-
inserting)


“Negative retiming and pipeline optimization” (leaving
“negative latches” in as pipeline stages…)

t

in the Future


What Does t have to teach us beyond circuit
design?


More precisely, what have we learned that is
applicable to computer science generally?


Well, start with making computer science a
genuine
science


Science vs. Computer Science


What is science?


Construction of models consistent with
observation that predict the outcomes of future
observations


What is Computer Science


Not that


Construction of devices, algorithms, and systems
to accomplish given tasks


Worst
-
case analysis of algorithms

Science…

Three Laws of Planetary
Motion (Just fit curves to
observations)

Inverse
-
square
universal gravitation
(“explains”
Kepler’s

Laws)

Gravitation is a
geometric effect of
mass/energy on
spacetime

(symmetry,
explains anomalies)

Timing Analysis Comes Closest!


Consider the papers at this
t


Common theme is the following


Derive a model at a low level of abstraction (physical
principles, e.g.)


Experimentally characterize parameters (numerical
experiments, physical observation)


Derive higher
-
level model consistent with lower
-
level
model


Use this to solve larger
-
scale problems


Recalibrate…


Carry to higher
-
levels of abstraction

Timing Analysis Born of a Revolution of
Scale…


VLSI era: We could no longer (
Tredennick

to
the contrary) design chips by hand


Needed automated tools


Tools needed serious, real science to work
properly


Some things could be done without data
(P&R, Synthesis, compaction…) but timing
needed data
-
driven models

Another Revolution of Scale is
Brewing…


Loosely (and tightly) parallel computing, on
-
chip
and off


On
-
chip: Clock speeds have flattened; Moore’s
Curve now dependent on parallelism


Means: we need to go to massive multithreaded
programming (CUDA?)


Off
-
chip: Combination of massive clusters and
massive demand


A Yahoo! “clique” of servers is 20,000 servers! (
approx

200,000 cores!)


Societal
-
scale services

Do We Need Science in These Areas?


Hoo
, boy,
yes!


Multicore/multithreaded programming


Much like asynchronous logic design in the late
1970’s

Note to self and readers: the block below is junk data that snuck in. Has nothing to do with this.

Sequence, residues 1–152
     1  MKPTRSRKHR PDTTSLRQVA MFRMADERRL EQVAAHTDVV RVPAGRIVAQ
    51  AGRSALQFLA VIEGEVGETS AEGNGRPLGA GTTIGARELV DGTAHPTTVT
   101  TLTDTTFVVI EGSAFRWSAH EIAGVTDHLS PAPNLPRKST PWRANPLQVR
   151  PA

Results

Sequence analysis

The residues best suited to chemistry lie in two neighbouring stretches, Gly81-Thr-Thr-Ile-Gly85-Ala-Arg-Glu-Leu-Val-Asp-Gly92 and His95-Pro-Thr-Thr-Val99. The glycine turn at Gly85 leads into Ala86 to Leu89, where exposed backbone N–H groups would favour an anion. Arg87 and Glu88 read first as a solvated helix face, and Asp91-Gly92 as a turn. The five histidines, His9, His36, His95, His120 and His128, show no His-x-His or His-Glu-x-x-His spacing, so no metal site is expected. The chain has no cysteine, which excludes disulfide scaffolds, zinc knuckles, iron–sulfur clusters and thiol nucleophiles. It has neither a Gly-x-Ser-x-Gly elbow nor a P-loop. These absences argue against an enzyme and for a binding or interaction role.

Huge problems (bad updates, deadlocks) in
multithreaded programs


Needs something like the synchronous discipline
(e.g., SMV, V++,
Esterel
,
Lustre
)


But this will lead to timing analysis issues…slowest
thread will dominate

New Stuff (
Cont
)


Hadoop
/
MapReduce

programming and
scheduling


Again, need to characterize behavior of Map jobs
(reduce jobs, too, but not as important)


Exact models infeasible (dependent on cache
behavior,
etc
)


Approximate Models can make a huge difference

Societal
-
Scale Systems


Large Internet firms have
millions

of simultaneous
connections and tight time deadlines


Ex: Facebook
must

return page to user within 150
ms


Problem: Emergent behavior at scale


Small (unnoticeable) problems become massive with
millions of users


Ex: Twitter infrastructure crashed at 1m connected users
(
RoR

infrastructure couldn’t take it)


Ex:
Six

Flickr developers took down Flickr


Crying need:


Calibrated models which
predict

behavior at large scale

Overall


The era of loosely
-
coupled, highly
-
parallel,
massive
-
scale programming is a revolution like
the VLSI revolution of the 1980’s


Programming today resembles cottage
-
industry hand
-
done stuff like LSI in the
seventies


We
will

need the disciplined, scientific
approach that made VLSI
-
scale chips possible


New frontiers for this community

But Do We Have Another MOSIS?


Oh, yes…GENI


Grew out of an Intel/HP/Princeton/Berkeley
Initiative


PlanetLab


Worldwide/
Continentwide

cloud for
experimenters and students

GENI


Ubiquitous cloud with deeply
-
programmable
networking


Ubiquitous Cloud


Abstracted API that can be implemented by any popular cluster manager (Slice Federation
Architecture)


Designed for federation


Certificate
-
based access control (No need for single sign
-
on, common AUP)


Implementations with fine and deep control of resources (ProtoGENI)


Deeply Programmable Network


Open Flow native


Layer 2 backbone

28

GENI
Mesoscale

29

Conclusions


VLSI Bred a Revolution


Added science to chips and design


t

was an outgrowth of that


A new revolution is brewing…


Time for a
t

in systems?